Tell me about a time you were on a team and there was conflict.

This is a common question to get in interviews.  Conflicts naturally arise in the healthcare setting.  These may be between healthcare team members or between healthcare providers and patients.  Anytime you give an example, you want to have previously thought critically about it, and you want to ensure that it is not a story or example where you might look bad or be at serious fault.  I suggest choosing an example where there was a conflict between other people, but you helped resolve the issue.  You answer the question by describing a conflict and get to demonstrate that you are a problem solver and can bring people together.  The important thing to understand about this type of question is that the interviewer isn’t interested in the conflict itself.  They are more interested in your role in the conflict and that you handled it in a mature and professional manner.  Thus, build an answer that demonstrates this.

Be sure to address how the conflict was resolved, whether prompted or not.  Conflict resolution is a great quality to have in a resident, and this is the perfect opportunity to put your value on display. Someone who can effectively deescalate situations, whether those be disgruntled patients, concerned family members, or upset coworkers is a great asset to any team.  Be the solution in your story, not the problem. 

Image by Gino Crescoli from Pixabay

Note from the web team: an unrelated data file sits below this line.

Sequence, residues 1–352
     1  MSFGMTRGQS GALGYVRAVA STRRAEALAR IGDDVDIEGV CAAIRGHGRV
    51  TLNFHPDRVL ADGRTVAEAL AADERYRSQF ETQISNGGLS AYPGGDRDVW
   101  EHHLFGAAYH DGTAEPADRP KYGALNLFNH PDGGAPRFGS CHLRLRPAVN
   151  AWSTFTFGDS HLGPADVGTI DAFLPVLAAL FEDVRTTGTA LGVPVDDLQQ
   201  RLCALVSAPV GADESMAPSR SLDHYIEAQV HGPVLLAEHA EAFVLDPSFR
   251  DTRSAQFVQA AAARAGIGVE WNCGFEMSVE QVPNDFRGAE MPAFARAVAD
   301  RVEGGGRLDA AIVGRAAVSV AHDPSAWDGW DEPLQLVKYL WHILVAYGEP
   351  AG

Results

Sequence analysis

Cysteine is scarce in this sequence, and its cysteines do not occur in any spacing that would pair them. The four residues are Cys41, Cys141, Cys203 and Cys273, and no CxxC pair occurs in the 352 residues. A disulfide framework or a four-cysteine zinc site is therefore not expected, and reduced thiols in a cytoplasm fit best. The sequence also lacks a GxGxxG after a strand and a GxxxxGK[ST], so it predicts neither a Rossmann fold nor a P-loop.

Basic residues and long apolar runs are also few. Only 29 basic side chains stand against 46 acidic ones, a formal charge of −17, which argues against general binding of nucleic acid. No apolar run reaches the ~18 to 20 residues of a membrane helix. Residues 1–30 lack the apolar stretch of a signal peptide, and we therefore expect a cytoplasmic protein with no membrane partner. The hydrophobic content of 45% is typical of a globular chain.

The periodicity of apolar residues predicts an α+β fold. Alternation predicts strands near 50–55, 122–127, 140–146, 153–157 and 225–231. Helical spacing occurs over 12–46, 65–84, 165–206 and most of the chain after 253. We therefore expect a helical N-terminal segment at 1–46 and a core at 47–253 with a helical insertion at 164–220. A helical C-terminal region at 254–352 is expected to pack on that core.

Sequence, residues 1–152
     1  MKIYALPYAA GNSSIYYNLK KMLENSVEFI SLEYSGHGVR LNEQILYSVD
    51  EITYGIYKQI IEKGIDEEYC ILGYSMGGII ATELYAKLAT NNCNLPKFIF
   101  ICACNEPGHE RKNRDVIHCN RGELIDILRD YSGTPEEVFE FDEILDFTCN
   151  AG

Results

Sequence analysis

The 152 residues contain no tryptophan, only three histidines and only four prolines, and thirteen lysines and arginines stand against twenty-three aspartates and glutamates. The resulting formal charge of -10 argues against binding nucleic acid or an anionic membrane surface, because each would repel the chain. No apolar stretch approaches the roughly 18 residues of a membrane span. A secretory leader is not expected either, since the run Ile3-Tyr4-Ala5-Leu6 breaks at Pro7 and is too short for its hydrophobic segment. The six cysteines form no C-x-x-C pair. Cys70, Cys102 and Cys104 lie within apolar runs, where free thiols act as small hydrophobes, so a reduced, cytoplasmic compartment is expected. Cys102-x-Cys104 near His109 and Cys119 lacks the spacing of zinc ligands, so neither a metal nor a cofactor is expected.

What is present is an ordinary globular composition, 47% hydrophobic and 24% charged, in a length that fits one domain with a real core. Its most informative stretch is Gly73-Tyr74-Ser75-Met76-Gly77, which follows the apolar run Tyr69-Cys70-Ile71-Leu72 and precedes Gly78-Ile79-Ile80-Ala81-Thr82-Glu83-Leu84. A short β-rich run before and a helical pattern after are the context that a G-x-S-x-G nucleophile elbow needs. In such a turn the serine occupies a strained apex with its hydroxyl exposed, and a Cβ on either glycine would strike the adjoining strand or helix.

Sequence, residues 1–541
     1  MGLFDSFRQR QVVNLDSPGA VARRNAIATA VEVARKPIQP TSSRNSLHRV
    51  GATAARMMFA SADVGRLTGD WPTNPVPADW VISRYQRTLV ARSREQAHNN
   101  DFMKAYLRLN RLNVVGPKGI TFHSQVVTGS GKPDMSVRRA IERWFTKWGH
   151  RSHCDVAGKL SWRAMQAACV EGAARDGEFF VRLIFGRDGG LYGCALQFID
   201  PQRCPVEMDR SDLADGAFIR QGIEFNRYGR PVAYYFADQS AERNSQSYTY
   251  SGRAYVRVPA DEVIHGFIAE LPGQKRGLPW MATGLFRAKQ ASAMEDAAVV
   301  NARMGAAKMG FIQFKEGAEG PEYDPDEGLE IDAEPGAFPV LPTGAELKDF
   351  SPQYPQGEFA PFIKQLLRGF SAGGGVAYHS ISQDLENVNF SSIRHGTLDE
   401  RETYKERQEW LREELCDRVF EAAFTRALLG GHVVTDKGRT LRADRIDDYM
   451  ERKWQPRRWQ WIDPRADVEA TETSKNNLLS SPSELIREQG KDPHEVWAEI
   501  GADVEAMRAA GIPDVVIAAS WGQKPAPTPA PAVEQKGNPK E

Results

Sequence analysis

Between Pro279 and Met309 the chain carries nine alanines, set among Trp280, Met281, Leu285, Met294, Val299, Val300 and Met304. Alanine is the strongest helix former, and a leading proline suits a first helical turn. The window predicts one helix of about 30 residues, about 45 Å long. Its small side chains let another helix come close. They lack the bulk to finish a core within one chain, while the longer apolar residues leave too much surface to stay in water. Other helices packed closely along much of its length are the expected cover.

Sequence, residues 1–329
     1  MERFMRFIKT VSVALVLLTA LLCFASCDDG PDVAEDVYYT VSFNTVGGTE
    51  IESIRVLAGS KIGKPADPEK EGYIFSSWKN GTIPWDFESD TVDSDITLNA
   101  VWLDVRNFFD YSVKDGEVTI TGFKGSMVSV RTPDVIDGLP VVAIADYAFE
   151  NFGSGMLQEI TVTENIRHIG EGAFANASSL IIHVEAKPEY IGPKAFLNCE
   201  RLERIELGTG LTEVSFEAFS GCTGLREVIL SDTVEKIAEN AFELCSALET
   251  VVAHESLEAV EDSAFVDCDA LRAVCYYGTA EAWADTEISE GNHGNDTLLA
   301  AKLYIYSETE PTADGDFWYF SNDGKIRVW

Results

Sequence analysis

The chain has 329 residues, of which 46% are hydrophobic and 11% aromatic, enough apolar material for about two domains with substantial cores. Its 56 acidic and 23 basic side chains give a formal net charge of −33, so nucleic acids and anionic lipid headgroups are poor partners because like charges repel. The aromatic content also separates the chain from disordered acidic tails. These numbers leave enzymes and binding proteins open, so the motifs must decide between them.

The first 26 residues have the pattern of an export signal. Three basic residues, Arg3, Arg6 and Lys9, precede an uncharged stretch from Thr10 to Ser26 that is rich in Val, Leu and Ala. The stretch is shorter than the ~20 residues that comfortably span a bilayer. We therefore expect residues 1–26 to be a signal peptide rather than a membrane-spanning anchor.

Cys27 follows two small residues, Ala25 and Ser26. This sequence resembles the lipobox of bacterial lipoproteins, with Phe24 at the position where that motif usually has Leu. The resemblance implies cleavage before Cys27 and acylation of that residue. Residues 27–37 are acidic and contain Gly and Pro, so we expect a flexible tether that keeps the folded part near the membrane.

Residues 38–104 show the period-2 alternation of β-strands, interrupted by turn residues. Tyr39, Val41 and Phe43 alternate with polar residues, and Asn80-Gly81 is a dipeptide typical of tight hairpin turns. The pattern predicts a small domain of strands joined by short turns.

We experience or witness conflicts every day in our life.  But what conflict should you choose?  I think this is a great opportunity to bring in a facet of your application that is of value to you and you would like to highlight, but that you otherwise may not have the chance to discuss.  For example, if you were a leader in a student organization and poured a great deal of time and energy into running that organization, this is a great opportunity to speak to your role in that group.  Pick a conflict that arose, and highlight your role as the problem solver.  In a similar example, I had several friends that were on the executive board of our student run free health clinic for patients with no insurance in medical school.  There are countless examples of conflict and conflict resolution from their work with this clinic that they could use, and they have the chance to bring up what is a very impressive experience.  If you have similarly impressive activities that you have been involved with, integrate those experiences into your responses.  Every answer doesn’t have to be clinically or research focused.  You are a multi-faceted individual.  Show interviewers every facet.

What questions do you have about finding examples of conflict and conflict resolution to discuss?  Have a specific question if an example is appropriate to use?  Comment below or contact us directly.

Back to more interview questions and structured responses.

Carter J. Boyd, MD, MBA
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